Textual description of firstImageUrl

William Wetmore Story | Delilah, 1877

Delilah (/dɪˈlaɪlə/; Hebrew: דלילה‎ Dəlilah, meaning "[She who] weakened") is a character in the Hebrew bible Book of Judges, where she is the "woman in the valley of Sorek" whom Samson loved, and who was his downfall. Her figure, one of several dangerous temptresses in the Hebrew Bible, has become emblematic: "Samson loved Delilah, she betrayed him, and, what is worse, she did it for money", Madlyn Kahr begins her study of the Delilah motif in European painting.

The story of Samson in Judges 13-16 portrays a man who was given great strength by God but who ultimately loses his strength when Delilah allows the Philistines to shave his hair during his slumber (Judges 16:19). Samson was born into an Israelite family, the son of Manoah and his wife who is never named. Both are visited by the Angel of the Lord and told that their child will be a Nazirite from birth.
Delilah was approached by the lords of the Philistines, to discover the secret of Samson's strength, "and we will give thee, every one of us, eleven hundred pieces of silver". Three times she asked Samson for the secret of his strength, and all three times he gave her a false answer. The first time, he told her, "If they bind me with seven green withes that were never dried, then shall I be weak, and be as another man". Then he told her, "If they bind me fast with new ropes that never were occupied, then shall I be weak, and be as another man". The third time, he told her, "If thou weavest the seven locks of my head with the web..". On the fourth occasion, he gave her the true reason: that he did not cut his hair in fulfillment of a vow to God; and Delilah, when Samson was asleep on her knees, called up her man to shave off the seven locks from his head, then betrayed him to his enemies: "The Philistines took him, and put out his eyes, and brought him down to Gaza, and bound him with fetters of brass; and he did grind in the prison house".
The toponym "Sorek" or "soreq" is identified only in connection with the Samson story. In the fourth century AD, Jerome mentions a "Capharsorec" that was near Saraa. Modern Israel has a Soreq Valley and even a Sorek Vineyard (since 1994/5) producing Merlot. Soreq, however, is the grapevine itself in Genesis 49:11, Isaiah 5:2, and Jeremiah 2:21. Samson had been dedicated as a Nazirite, "from the womb to the day of his death"; thus he was forbidden to touch wine or cut his hair.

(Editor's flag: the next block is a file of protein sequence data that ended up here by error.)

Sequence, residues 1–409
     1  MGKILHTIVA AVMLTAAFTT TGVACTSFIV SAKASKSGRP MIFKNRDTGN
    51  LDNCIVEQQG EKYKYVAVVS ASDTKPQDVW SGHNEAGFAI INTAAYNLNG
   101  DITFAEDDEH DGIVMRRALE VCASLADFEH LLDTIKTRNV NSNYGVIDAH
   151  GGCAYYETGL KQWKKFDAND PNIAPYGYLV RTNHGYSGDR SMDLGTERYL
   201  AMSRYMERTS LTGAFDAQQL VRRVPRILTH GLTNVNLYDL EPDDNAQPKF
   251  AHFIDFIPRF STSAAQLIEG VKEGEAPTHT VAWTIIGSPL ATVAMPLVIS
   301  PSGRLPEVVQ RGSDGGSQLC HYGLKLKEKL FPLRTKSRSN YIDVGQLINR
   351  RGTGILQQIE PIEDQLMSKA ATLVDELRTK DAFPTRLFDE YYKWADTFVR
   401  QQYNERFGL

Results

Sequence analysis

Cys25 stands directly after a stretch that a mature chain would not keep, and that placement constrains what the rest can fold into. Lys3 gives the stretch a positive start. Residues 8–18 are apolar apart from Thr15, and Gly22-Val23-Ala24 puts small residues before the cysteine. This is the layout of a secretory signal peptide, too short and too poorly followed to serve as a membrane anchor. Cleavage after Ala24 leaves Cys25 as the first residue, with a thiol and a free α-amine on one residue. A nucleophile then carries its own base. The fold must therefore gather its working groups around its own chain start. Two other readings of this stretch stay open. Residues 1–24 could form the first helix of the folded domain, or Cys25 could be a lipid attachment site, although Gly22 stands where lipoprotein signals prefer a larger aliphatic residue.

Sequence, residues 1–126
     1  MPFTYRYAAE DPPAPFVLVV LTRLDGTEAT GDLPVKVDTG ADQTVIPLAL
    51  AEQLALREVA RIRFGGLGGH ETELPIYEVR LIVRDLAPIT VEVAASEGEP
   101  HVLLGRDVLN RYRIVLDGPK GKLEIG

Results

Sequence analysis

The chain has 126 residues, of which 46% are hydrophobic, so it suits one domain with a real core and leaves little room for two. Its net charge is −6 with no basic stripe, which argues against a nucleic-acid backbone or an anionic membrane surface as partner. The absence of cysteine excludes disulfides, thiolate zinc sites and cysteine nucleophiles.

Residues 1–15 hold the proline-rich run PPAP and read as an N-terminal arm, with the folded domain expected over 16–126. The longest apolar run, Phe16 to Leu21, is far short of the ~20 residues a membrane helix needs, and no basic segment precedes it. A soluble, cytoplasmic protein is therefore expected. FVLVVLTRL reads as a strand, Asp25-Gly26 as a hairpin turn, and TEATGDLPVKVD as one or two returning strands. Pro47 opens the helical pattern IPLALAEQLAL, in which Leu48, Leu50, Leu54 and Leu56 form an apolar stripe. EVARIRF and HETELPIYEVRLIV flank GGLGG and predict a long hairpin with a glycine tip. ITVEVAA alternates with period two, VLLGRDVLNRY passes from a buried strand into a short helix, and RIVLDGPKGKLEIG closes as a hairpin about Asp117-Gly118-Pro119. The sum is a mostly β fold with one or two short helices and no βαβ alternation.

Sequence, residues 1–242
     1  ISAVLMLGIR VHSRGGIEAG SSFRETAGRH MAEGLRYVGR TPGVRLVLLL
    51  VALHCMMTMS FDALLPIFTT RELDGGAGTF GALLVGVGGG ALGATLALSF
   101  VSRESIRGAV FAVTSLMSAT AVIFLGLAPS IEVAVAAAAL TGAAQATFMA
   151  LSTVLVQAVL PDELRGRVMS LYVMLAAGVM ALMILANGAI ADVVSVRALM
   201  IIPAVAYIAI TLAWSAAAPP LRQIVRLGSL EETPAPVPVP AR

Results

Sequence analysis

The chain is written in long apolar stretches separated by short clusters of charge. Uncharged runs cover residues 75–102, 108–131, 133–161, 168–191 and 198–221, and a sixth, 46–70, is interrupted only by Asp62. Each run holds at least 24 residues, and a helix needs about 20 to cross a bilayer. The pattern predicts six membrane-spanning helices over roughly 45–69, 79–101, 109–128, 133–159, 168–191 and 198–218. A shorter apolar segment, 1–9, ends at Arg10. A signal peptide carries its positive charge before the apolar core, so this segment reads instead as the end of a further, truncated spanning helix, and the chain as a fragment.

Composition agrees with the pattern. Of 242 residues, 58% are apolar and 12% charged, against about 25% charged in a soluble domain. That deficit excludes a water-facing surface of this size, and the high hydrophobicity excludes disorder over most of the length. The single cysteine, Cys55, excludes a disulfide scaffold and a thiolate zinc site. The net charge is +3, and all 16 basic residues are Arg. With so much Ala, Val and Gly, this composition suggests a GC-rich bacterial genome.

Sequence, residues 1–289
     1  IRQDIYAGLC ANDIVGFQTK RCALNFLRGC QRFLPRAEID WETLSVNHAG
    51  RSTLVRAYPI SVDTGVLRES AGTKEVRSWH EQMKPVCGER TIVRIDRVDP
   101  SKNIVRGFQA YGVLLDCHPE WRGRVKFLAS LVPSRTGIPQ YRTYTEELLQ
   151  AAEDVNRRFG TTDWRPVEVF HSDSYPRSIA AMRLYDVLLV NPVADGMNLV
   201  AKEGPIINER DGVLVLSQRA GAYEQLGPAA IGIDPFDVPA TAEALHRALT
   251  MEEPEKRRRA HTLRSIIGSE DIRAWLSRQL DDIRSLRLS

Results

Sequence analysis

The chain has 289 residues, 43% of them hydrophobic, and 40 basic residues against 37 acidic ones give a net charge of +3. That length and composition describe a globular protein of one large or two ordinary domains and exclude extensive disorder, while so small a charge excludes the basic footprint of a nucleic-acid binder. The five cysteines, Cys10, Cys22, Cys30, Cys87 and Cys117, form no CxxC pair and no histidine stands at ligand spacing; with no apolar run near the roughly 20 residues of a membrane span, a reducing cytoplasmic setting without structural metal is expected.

Petrarch instanced Samson and Delilah in his Trionfi, as a victim in his allegorical depiction of the Triumph of Love. In art the subject is one of the most commonly shown in the Power of Women topos. Somewhat inappropriately it would seem to a modern eye, the theme was depicted on more than one fifteenth-century Tuscan painted marriage tray.
In the North, the Late Gothic theme of Weibermacht, of the dangerous strength of women, included in the series a conventional scene of a seated Delilah, with Samson asleep in her lap, shearing the "seven locks" from his head: the woodcut by Master E.S. might be a scene of courtly love, Madlyn Kahr has remarked, save for the ominous scissors in Delilah's hand.
A small grisaille panel by Andrea Mantegna in the National Gallery, London places the duo beneath a dead tree wound about with a luxurious vine (the debilitating power of the fruitful woman) and a fountain that overflows and seeps away into the ground, with undertones of unbridled sexual appetite.
In Northern Europe the Delilah theme was more prominent among painters like Lucas van Leiden and Maerten van Heemskerck, who made a large woodcut of the subject after Titian. Tintoretto followed Titian in introducing a female accomplice of Delilah's; Rubens added further females, with a suggestion of a brothel, and came back to the subject several times.
No major seventeenth-century artist approached the subject more often than Rembrandt.
John Milton personified her as the misguided and foolish but sympathetic temptress, much like his view of Eve, in his 1671 work Samson Agonistes. By the time of Camille Saint-Saëns' Samson et Dalila (1877) Delilah had become the eponym of a "Delilah," a treacherous and cunning femme fatale. | Source: © Wikipedia

Dalila (dall'ebraico דלילה, Dlila, "colei che indebolisce o impoverisce o sradica") è un personaggio biblico protagonista del capitolo 16 del libro dei Giudici.
Il nome di Dalila è con tutta probabilità un epiteto ("traditrice"), più che un nome proprio.
A parte quanto dice il testo biblico, non sappiamo nulla di questa donna, né del tipo di unione che la legò per qualche tempo a Sansone. Potrebbe essere stata una prostituta, così come una donna che non ebbe nulla in contrario a convivere con Sansone. In genere si pensa che fosse filistea, ma potrebbe essere anche israelita.
Le domande di Dalila sottintendono l'idea che la forza di Sansone avesse origini magiche.
È una donna della valle del fiume Sorek, e Sansone si innamora di lei. Di ciò approfittano i capi dei Filistei, che le promettono molto denaro affinché ella, usando le sue arti di seduzione, si faccia rivelare da Sansone il segreto della sua forza. Alla domanda di Dalila, Sansone per tre volte risponde con una motivazione che si rivela sbagliata, finché, dopo molte insistenze, Sansone cede, e le rivela che la sua forza proviene dalla sua condizione di nazireo, cioè dal fatto che non si è mai tagliato i capelli. Così quando Dalila gli fa radere il capo, Sansone perde le forze, e i filistei hanno la meglio su di lui.